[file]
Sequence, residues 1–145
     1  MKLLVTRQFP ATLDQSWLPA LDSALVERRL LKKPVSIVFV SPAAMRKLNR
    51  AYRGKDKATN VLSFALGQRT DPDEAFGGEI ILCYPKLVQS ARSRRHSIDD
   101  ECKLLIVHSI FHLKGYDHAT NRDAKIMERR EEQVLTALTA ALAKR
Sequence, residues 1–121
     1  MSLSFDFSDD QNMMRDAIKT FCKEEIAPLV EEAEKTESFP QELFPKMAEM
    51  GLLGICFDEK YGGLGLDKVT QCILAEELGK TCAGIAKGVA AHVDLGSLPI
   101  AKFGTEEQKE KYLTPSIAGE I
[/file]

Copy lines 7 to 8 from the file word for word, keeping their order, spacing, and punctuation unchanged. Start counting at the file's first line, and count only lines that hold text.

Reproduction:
    51  GLLGICFDEK YGGLGLDKVT QCILAEELGK TCAGIAKGVA AHVDLGSLPI
   101  AKFGTEEQKE KYLTPSIAGE I